That’s an interesting choice of metaphor. In a heart bypass, arteries from elsewhere in the body are grafted onto the clogged coronary arteries. They provide a diversionary route for the blood, enabling it to bypass the blockages and flow freely from the heart to the vital organs of the body.
In one way, it is a good description of HS2. Trains will travel smoothly from London to Birmingham and Manchester on the new high-speed line, avoiding the “clogged arteries” of the West Coast Main Line.
Where the analogy comes a bit unstuck is with the blockages. Instead of lumps of athersclerotic plaque along its length, the West Coast Main Line has railway stations.
Running trains between London, Birmingham and Manchester on the new HS2 line instead of the West Coast Main Line may certainly suggest a bypass, but what it will bypass are the towns and cities that are currently served en route. To follow McLoughlin’s analogy, those towns have the misfortune to be located in the detritus-strewn diseased artery, not in its replacement.
The new HS2 line between London and Birmingham will bypass Milton Keynes and Coventry (towns served today by Virgin’s London-Birmingham service). Nor will the HS2 line to Manchester pass through Stoke-on-Trent, Macclesfield, Wilmslow and Stockport, at present served by Virgin’s London-Manchester trains. All these towns will indeed be bypassed.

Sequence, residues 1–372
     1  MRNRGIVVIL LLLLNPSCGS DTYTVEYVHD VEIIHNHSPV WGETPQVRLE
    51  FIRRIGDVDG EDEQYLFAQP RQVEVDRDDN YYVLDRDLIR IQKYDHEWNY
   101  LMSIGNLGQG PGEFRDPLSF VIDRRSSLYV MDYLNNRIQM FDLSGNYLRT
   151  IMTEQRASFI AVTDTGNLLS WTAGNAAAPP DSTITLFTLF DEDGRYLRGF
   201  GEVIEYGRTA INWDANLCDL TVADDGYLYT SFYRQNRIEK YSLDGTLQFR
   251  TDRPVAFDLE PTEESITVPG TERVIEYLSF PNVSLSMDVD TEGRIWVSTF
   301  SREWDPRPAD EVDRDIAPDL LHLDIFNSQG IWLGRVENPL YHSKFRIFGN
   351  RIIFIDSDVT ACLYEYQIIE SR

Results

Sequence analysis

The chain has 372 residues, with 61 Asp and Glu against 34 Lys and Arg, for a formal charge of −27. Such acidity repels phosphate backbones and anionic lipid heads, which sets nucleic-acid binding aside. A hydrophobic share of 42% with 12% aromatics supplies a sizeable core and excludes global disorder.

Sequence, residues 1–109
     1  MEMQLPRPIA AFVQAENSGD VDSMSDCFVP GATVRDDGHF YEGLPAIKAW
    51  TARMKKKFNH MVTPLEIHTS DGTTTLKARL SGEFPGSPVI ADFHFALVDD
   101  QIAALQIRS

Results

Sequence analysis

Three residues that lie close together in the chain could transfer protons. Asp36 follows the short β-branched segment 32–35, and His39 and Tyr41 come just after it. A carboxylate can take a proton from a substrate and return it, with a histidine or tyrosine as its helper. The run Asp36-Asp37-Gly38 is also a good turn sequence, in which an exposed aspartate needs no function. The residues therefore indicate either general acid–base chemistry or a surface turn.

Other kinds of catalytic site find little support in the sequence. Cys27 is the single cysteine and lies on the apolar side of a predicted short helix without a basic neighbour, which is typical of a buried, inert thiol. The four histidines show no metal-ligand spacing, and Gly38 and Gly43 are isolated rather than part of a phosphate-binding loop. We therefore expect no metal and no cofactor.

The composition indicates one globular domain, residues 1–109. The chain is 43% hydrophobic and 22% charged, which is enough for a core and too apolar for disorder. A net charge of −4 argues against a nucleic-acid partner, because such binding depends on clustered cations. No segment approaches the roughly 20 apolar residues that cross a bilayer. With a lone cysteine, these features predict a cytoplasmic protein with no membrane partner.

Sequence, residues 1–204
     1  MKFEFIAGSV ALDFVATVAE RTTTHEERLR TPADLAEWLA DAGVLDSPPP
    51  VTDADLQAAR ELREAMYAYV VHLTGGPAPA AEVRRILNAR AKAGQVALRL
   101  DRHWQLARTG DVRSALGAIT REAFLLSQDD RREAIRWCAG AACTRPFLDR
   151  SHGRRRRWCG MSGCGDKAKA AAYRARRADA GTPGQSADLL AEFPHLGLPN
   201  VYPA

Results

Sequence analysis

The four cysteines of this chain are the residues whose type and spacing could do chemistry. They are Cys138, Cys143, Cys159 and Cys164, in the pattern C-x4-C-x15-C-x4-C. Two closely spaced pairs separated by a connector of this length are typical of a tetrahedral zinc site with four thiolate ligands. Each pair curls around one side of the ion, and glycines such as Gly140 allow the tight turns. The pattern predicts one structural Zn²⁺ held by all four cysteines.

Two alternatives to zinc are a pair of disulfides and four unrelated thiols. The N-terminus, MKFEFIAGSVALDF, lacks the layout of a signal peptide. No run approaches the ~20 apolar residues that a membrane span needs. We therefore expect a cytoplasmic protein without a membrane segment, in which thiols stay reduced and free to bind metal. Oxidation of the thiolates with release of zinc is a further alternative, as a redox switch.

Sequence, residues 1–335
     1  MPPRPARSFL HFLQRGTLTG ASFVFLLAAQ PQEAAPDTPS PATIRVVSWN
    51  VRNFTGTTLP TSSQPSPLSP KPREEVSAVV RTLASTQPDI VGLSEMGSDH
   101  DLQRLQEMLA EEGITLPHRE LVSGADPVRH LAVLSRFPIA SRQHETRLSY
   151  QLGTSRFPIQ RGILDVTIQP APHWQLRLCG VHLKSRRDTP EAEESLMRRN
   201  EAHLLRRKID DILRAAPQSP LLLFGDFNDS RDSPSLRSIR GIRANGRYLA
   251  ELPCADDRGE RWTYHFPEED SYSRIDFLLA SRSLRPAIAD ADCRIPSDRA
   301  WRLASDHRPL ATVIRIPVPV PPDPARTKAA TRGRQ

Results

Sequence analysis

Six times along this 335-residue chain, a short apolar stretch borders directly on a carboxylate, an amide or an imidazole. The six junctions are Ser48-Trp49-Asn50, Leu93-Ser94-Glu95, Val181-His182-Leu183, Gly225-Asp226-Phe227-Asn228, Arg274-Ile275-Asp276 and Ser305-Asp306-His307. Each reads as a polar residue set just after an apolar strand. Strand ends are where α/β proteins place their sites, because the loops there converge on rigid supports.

A key point that many commentators have missed is that today’s intercity rail timetable will not be maintained in parallel with the new HS2 services. Government ministers have made it clear that once HS2 opens, most north-south long-distance rail services will be provided by HS2. One of the main planks of the Government’s case for HS2 is that once the West Coast Main Line has been freed of most of its intercity services, there will be space on the line for additional commuter and regional services. Additional capacity, the current favourite reason for HS2.
|Rail services between London and Manchester. On the left are the services currently operating during a period of one hour. On the right is HS2 Ltd's proposed service pattern after HS2 opens.|
Our recent blog post on HS2 and the north-south divide revealed details of all of the towns and cities which are predicted by HS2 Ltd to face cuts to their intercity services to London. I suspect those places might not be so keen on the “HS2 as heart bypass” analogy. The West Coast Main Line might be less congested once intercity trains use HS2 instead, but, for cities like Stoke, HS2’s new artery is likely to take most of the lifeblood too.
Of course the point about a heart bypass is that it is usually required pretty soon after diagnosis of the dire condition, yet HS2 won’t be completed until 2033. If, as Patrick McLoughlin suggests, our rail network is already “clogged”, we surely need to find a solution that can be applied quickly, not leave that vital organ on life support for 20 years. Not a bypass, but a simple, affordable coronary stent, perhaps.